A future-minded spinoff of EMC, Pivotal blends cloud, application development and big data capabilities. The "cloud fabric" is based on Cloud Foundry platform-as-a-service (PaaS) software and expertise from VMware. The application-development expertise and technology comes from Pivotal Labs, contributed by EMC, and VMware's SpringSource unit. The big data and analytics capabilities blend Hadoop and EMC's Greenplum database.
The combination of Hadoop and Greenplum produced HAWQ (Hadoop with SQL), an SQL-on-Hadoop querying capability that's part of the company's Pivotal HD Hadoop distribution. This is an alternative that Pivotal says far surpasses both Hadoop's Hive component and Cloudera's Impala in performance.
Pivotal also has VMware's GemFire in-memory caching technology, which has been integrated with the Pivotal HD Hadoop distribution and introduced this week as Pivotal GemFire XD. The goal is to bring real-time, in-memory data services to Hadoop.
[ Want more on Teradata's latest big data analysis option? Read Teradata Brings Graph Analysis To SQL. ]
Pivotal freely admits the GemFire XD overlaps with Hadoop community offerings including HBase (the NoSQL database) and Spark (the Hadoop-based in-memory option), but it insists that customers are free to choose whatever components they want.
"The community is investing in technologies, and more often than not, they are good enough for the Internet companies," said Pivotal's Susheel Kaushik, senior director of technical product marketing, in an interview with InformationWeek. "When you look at enterprises, they're looking for reliability, failover, availability and standard interfaces. That's what we're providing to enterprises."
The community options will take time to evolve, Kaushik said. He vowed that Pivotal will contribute to efforts such as Spark and Storm (stream processing), but the contribution will stop short of donating assets such as GemFire XD to open source.
Pivotal also announced this week Pivotal Data Dispatch, which is described as an iTunes-like interface for discovering data within Hadoop as well as in other data stores. You can select the data sets of interest and create a big data sandbox.
Data Dispatch offers helpful controls and insights including access, rights and data lineage. It's a management framework rather than a data store, so it's not creating copies of data. Rather it's a Web portal to all available data for big data exploration.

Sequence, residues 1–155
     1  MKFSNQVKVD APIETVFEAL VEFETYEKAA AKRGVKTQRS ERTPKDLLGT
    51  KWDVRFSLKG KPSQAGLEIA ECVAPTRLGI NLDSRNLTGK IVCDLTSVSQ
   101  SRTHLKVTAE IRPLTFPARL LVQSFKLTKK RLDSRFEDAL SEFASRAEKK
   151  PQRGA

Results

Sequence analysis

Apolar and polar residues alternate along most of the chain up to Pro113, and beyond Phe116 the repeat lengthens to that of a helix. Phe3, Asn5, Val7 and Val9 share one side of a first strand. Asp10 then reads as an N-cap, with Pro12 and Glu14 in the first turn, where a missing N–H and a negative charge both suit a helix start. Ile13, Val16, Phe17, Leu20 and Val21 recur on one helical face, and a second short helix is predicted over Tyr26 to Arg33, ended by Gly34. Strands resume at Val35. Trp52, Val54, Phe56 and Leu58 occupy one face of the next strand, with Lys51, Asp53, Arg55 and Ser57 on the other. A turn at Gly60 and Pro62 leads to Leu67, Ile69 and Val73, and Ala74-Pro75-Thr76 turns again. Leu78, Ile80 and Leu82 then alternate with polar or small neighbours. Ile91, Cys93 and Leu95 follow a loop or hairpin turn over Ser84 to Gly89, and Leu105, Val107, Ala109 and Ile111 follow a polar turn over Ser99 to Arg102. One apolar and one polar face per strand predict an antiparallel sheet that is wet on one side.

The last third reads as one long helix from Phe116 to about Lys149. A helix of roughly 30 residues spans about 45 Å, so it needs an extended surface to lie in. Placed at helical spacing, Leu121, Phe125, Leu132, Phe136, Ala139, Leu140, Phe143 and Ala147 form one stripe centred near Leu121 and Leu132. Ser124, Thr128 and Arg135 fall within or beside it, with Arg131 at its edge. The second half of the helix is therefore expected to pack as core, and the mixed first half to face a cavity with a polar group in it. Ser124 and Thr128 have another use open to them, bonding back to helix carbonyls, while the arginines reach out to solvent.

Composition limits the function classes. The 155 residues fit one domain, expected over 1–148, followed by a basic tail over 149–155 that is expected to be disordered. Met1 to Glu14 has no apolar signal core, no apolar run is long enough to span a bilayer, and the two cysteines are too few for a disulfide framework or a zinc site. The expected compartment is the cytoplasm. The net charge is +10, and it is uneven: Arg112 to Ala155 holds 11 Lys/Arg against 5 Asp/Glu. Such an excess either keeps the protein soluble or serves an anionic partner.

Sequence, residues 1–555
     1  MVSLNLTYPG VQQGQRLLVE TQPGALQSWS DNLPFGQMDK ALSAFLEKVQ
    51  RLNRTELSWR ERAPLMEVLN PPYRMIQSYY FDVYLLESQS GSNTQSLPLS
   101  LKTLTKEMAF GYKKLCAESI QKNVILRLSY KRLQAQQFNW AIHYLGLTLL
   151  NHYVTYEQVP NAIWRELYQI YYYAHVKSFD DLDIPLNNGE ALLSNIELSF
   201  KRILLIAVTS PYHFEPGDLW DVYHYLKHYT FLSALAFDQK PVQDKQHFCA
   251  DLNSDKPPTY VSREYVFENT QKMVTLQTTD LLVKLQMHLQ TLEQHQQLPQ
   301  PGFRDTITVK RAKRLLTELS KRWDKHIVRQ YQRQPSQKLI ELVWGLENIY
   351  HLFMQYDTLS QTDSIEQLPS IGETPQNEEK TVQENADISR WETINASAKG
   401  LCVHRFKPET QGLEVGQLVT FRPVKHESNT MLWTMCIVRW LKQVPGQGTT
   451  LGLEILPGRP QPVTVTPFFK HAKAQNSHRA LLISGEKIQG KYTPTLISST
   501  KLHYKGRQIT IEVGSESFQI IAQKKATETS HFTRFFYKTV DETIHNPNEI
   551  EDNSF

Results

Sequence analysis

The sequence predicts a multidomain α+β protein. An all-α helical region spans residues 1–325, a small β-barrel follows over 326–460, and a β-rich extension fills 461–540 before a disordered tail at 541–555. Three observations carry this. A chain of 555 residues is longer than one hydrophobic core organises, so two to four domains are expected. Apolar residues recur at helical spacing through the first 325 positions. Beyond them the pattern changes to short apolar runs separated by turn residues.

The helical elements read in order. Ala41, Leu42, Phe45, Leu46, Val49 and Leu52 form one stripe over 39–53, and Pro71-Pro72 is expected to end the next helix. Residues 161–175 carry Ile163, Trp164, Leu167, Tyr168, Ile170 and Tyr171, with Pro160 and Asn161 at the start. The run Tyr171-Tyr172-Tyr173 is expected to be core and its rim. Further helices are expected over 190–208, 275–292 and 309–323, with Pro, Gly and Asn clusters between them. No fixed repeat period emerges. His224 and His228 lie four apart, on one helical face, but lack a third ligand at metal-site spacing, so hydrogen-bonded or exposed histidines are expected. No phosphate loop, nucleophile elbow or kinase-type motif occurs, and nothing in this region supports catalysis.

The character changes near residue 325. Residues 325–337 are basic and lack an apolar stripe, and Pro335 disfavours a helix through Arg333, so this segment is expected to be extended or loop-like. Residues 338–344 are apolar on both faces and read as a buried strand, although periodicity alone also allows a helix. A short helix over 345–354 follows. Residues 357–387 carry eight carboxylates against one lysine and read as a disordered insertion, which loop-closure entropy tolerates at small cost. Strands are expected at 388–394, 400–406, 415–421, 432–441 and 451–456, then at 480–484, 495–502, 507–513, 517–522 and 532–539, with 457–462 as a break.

The Hadoop community also is working on the problems of access controls, rights management and data lineage, but there's enough chaos (with different distributors proposing different tools) and immaturity for commercial vendors to exploit. It's not unlike the Entity-Centric Data Catalog introduced by Platfora, though Data Dispatch also catalogs data available outside of Hadoop.
Enterprise Vs. Internet Focus
The easiest way to understand these companies is to look at their customer bases. Where Teradata, SAS and Pivotal are clearly playing to their enterprise roots, Platfora has the clean-slate freedom to tackle those "over-the-horizon" thinkers trying to address more holistic big data opportunities. Both camps are offering commercial tools that fill gaps in current open source offerings.
Attending this week's Big Data Conference in Chicago, it struck me that a number of practitioners and panelists -- ACE Group Insurance, Tenet Healthcare, ThinkBig Analytics -- said their big data teams were quite separate from preexisting BI, data warehousing and data management teams. They work together and collaborate, certainly, but big data initiatives are about finding new insights and pioneering new applications, products and businesses. "If you're going to be a pioneer, you better have some wilderness survival skills," said Scott Rose, VP of services at analytics consulting firm ThinkBig Analytics.
That made me think about this week's release of Hortonworks Data Platform 2.0, with entirely open source components including HBase, ZooKeeper, Pig, Hive, HCatalog, Sqoop, Flume and Mahout. If you're going to be a big data pioneer, maybe you should be prepared to deal with many of these, in some cases, still-primitive tools. They're not exactly stone knives and bearskins, but nor are they as slick, feature-packed and mature as some of the commercial offerings.
If you want to be a big data settler, you might hitch your wagon to a commercial vendor such as Teradata, SAS, Pivotal and even Platfora, with enterprise-focused options promising reliability, failover, availability and standard interfaces. You'll still be ahead of the crowd back in the land of purely structured data, but you'll get some of the creature comforts of civilization.
IT leaders must know the trade-offs they face to get NoSQL's scalability, flexibility and cost savings. Also in the When NoSQL Makes Sense issue of InformationWeek: Oregon's experience building an Obamacare exchange. (Free registration required.)